Monday, May 02, 2011

A thoughtful reflection on the end of Osama

A still of 2004 Osama bin Laden videoImage via WikipediaJuan Cole writes in Informed Comment

Usama Bin Laden was a violent product of the Cold War and the Age of Dictators in the Greater Middle East. He passed from the scene at a time when the dictators are falling or trying to avoid falling in the wake of a startling set of largely peaceful mass movements demanding greater democracy and greater social equity. Bin Laden dismissed parliamentary democracy, for which so many Tunisians and Egyptians yearn, as a man-made and fallible system of government, and advocated a return to the medieval Muslim caliphate (a combination of pope and emperor) instead. Only a tiny fringe of Muslims wants such a theocratic dictatorship. The masses who rose up this spring mainly spoke of “nation,” the “people,” “liberty” and “democracy,” all keywords toward which Bin Laden was utterly dismissive. The notorious terrorist turned to techniques of fear-mongering and mass murder to attain his goals in the belief that these methods were the only means by which the Secret Police States of the greater Middle East could be overturned.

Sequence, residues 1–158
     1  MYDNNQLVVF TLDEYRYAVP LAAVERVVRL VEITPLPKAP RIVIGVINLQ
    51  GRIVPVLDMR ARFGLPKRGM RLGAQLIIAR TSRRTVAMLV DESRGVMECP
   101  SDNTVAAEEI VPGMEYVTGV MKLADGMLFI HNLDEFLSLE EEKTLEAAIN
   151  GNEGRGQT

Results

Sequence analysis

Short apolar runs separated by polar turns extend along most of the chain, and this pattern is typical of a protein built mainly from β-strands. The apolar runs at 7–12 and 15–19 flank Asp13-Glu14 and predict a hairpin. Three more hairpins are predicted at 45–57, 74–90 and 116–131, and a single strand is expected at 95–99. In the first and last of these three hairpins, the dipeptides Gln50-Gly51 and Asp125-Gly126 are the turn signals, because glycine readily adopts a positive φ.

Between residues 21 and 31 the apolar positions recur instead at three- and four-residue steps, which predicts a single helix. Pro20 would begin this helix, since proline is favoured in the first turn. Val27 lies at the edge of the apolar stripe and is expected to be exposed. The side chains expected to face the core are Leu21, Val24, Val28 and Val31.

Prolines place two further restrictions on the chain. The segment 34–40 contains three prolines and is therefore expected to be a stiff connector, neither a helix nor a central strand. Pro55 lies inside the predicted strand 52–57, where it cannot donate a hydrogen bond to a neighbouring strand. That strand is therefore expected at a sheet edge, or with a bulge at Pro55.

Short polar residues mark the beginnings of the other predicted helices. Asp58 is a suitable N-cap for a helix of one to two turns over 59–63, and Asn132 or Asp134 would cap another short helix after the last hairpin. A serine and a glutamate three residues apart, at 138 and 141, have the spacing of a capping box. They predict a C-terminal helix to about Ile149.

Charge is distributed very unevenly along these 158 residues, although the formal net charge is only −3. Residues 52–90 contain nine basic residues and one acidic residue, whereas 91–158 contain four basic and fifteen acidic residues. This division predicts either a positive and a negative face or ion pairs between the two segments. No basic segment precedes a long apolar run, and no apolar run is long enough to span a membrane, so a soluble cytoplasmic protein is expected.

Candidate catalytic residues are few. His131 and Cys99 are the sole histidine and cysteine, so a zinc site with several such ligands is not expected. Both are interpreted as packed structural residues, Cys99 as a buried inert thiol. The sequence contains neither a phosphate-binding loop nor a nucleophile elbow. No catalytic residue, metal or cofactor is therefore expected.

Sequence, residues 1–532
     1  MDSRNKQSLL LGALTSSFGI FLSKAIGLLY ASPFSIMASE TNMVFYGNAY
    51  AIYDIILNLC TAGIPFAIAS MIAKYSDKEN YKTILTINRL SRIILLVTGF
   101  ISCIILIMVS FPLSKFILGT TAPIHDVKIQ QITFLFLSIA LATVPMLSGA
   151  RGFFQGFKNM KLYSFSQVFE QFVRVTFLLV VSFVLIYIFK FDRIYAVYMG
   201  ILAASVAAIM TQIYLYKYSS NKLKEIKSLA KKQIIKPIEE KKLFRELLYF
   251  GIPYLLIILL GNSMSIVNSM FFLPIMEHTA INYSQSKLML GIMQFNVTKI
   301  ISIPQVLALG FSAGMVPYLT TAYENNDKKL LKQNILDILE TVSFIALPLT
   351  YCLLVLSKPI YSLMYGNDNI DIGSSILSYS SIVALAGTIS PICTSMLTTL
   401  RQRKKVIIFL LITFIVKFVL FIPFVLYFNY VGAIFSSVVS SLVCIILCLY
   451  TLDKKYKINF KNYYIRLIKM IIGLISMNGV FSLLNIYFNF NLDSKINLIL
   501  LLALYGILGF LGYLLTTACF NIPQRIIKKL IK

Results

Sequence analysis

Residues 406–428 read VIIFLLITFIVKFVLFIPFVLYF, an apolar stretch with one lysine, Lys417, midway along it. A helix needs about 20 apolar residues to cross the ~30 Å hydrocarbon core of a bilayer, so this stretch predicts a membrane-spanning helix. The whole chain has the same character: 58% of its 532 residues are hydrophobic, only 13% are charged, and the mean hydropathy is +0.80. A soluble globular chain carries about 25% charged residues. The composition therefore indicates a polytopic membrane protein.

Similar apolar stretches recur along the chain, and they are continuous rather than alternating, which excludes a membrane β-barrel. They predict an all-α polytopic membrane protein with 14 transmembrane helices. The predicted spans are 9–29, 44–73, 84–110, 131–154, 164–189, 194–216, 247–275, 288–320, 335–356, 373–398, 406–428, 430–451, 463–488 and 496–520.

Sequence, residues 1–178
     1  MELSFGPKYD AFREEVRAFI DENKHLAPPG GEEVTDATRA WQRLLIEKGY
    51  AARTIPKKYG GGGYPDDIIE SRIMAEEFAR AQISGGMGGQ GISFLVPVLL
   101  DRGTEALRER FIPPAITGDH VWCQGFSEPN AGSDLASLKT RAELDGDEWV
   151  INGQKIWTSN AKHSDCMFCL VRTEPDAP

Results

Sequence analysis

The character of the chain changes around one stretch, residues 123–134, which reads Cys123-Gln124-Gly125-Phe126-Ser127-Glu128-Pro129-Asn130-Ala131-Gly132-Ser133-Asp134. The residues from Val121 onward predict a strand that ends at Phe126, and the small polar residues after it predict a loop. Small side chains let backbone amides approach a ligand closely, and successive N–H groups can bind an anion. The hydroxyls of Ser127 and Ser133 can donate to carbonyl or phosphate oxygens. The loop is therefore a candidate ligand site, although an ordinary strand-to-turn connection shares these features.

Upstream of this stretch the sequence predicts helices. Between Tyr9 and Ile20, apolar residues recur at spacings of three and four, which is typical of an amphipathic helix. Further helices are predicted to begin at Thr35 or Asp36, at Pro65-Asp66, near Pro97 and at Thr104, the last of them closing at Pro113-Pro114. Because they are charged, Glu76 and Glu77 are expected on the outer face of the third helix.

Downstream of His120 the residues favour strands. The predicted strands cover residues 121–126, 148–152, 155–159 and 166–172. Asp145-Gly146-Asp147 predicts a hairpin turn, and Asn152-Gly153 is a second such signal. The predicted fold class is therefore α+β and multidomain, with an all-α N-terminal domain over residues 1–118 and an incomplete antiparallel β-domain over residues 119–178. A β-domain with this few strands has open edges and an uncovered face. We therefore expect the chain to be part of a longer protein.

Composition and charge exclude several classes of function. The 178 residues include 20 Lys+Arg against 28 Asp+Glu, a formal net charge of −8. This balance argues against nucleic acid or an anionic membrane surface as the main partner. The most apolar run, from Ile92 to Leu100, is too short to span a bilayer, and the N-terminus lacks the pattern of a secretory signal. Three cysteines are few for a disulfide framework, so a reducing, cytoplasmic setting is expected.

For myself, I feel rather little, a sense of numbness that parallels the atrocity that kept this going. But at least this, at long last, was the surgical and appropriate response that should have been undertaken, long, LONG ago.

But since Bush and the Neocons chose to view Osama as a useful bogyman that justified his larger geopolitical ambitions, I think that in the grand balance, in the light of history, we still have to say that Osama Bin Laden had every right to die a smug man.

He hated your freedoms - and so, it turned out, did his idological companions in the Bush White House.

That's my take on it.
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